Currently, there are 850 colleges and universities in the USA that have an SAT/ACT optional admissions policy. This means that students do not have to take these standardized tests in order to be accepted. Some of the schools that have adopted this policy include Indiana State University, Johnson & Wales University, and Kansas State University.

Some people are in favor of this new trend concerning college admissions because they argue that the tests are “a cocktail of trickery [that do not allow] enough time, and [require] idiosyncratic ways of thinking,” as Anthony Russomanno of the Princeton Review said. The SAT and ACT were originally designed to create a bell-curve distribution of test scores, but opponents say that this does not prove the tests are fair. Instead, they say that the tests would be fair if students could study for them in a similar way that students can study for other tests, such as AP and IB exams. Read the rest of this entry »



New York Releases Ratings of Individual Teachers

In a controversial move, the New York City Department of Education recently released information concerning individual teachers in the district and their ratings, based on a value-added analysis. This analysis was used to determine how effective each teacher is at helping students improve on standardized tests. More than 12,000 teachers’ ratings were released and of the teachers taught either English or math for students between fourth and eight grade.

Some people are quite upset by this release of data. The United Federation of Teachers has started an advertising campaign and is placing ads in newspapers across New York City. The ads state “This is No Way to Rate a Teacher!” and show a complicated math formula that is supposedly used to rate the teachers. The ads also feature a letter from the organization’s president, Michael Mulgrew, in which the president outlines all of the reasons why the data is faulty and should not be relied on. Read the rest of this entry »



Did This Principal Make a Racist Comment or Simply State the Facts?

germantown pricipal

Dr. Ted Hornell

In a nation where we are extremely concerned with being politically correct, it blows my mind that a principal at a high school in Tennessee would be as crass to say that a specific ethnic group of students was “less smart” than its peers. Unfortunately, that is exactly what Ted Horrell, the principal of Germantown High School, said earlier this month about the black students at his school.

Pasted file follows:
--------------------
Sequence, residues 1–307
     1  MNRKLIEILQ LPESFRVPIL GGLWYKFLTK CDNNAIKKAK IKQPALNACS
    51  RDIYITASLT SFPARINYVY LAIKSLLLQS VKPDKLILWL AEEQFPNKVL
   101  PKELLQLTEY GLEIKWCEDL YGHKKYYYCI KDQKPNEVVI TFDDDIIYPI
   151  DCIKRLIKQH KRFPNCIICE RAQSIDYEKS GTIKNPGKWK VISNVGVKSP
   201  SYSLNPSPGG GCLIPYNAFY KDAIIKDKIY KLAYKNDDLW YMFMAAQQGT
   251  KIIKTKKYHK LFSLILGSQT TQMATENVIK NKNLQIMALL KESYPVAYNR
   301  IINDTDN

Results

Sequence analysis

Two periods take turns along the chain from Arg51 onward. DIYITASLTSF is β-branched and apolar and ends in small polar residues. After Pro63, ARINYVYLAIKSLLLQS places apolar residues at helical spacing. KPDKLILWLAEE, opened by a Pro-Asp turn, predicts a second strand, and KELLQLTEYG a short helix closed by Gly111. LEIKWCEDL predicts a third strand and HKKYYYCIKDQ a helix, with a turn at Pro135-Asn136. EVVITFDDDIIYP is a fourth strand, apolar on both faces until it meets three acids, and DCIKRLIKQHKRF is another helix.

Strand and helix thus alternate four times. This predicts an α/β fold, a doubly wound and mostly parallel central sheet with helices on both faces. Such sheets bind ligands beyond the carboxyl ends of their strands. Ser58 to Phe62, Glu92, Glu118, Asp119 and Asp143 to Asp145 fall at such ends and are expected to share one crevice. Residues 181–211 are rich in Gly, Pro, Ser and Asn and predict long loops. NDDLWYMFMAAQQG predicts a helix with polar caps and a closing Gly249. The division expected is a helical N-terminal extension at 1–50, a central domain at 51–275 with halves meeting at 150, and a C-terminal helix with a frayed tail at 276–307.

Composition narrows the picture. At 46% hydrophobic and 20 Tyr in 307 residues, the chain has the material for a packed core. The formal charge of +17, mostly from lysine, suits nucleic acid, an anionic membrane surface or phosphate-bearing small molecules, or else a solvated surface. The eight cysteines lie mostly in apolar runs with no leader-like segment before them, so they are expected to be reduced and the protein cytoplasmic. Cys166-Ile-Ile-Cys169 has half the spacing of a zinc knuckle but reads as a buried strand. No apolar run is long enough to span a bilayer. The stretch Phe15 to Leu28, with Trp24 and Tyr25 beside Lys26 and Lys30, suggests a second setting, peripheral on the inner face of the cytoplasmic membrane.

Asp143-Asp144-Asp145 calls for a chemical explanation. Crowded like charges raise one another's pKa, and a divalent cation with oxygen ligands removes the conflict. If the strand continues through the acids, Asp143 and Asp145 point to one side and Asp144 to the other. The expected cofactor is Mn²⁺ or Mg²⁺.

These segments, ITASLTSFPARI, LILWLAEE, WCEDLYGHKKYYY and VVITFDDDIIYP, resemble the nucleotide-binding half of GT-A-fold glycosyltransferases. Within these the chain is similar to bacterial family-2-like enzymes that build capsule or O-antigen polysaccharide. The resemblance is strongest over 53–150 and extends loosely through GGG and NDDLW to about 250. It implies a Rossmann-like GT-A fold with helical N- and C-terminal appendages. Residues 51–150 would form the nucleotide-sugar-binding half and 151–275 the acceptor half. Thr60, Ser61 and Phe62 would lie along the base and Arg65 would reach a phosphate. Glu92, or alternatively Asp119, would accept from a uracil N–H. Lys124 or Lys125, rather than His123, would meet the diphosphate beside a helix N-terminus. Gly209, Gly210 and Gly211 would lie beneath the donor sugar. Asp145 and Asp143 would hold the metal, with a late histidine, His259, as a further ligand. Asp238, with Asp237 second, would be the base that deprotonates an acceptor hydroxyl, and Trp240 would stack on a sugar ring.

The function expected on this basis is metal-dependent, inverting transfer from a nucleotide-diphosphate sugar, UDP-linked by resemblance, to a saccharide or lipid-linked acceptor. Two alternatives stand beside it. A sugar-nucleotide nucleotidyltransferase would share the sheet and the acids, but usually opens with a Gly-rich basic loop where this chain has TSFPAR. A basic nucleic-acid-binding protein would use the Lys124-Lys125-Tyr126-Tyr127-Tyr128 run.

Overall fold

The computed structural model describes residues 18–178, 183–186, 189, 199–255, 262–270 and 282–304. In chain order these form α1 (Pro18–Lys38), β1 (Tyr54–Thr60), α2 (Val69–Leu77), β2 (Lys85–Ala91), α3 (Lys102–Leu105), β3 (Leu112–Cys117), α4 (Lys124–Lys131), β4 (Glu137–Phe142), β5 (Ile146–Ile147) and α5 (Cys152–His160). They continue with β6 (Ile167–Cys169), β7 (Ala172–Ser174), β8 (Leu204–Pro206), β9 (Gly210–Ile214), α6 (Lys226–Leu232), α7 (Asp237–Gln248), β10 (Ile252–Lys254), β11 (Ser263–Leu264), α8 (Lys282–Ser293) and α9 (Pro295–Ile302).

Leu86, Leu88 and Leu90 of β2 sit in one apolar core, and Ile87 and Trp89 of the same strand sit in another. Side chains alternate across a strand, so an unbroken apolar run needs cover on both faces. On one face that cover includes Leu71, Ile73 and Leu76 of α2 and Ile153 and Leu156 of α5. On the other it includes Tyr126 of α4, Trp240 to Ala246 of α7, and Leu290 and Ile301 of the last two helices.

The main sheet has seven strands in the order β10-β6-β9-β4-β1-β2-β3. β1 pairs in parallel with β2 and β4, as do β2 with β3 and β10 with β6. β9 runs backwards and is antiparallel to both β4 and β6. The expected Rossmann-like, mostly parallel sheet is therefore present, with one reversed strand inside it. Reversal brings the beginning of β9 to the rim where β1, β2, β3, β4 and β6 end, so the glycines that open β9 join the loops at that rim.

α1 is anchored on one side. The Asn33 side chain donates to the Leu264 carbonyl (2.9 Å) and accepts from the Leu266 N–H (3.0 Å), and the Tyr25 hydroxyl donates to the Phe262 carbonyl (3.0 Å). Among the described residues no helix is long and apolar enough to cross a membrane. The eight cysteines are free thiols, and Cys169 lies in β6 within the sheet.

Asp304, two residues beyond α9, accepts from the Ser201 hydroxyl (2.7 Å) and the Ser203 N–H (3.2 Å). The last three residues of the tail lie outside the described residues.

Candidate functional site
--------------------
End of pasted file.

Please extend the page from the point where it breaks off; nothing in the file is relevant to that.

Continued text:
“I unintentionally offended a number of students on this campus,” Horrell wrote in a letter to the parents and students of his school. “I apologize to all the students and parents who were offended.”

The high school recently received its state report card. This report card showed the students standardized test scores broken down according to the students’ races and incomes. Last week, the school held an assembly to discuss measures that could be taken to close the gap between the different groups of students, and it was during this assembly that Horrell misspoke and said what many considered to be a racist comment.

“[My daughter] felt he presented this information to basically reflect the African American students were all the reason the scores were down,” said Deborah Cannon, a parent whose child attends the high school.

Horrell says that he did make note of the fact that certain ethnic groups of students had performed better on the test than others during the assembly; however, he says he “certainly didn’t say that white students are smarter than black students.”

Nationwide, there is an achievement gap between different ethnic groups. According to the National Assessment of Educational Progress, 9 percent of white students were performing at their grade level’s expectations in fourth-grade math, compared to only 1 percent of black students and 2 percent of Hispanic students.

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D.C. to Review High Rates of Erasures on School Tests

Irregularities in public school test scores are set to be investigated by the District of Columbia’s Board of Education. The tests showed an unusually high rate of erasures- answers being erased and changed from wrong to right.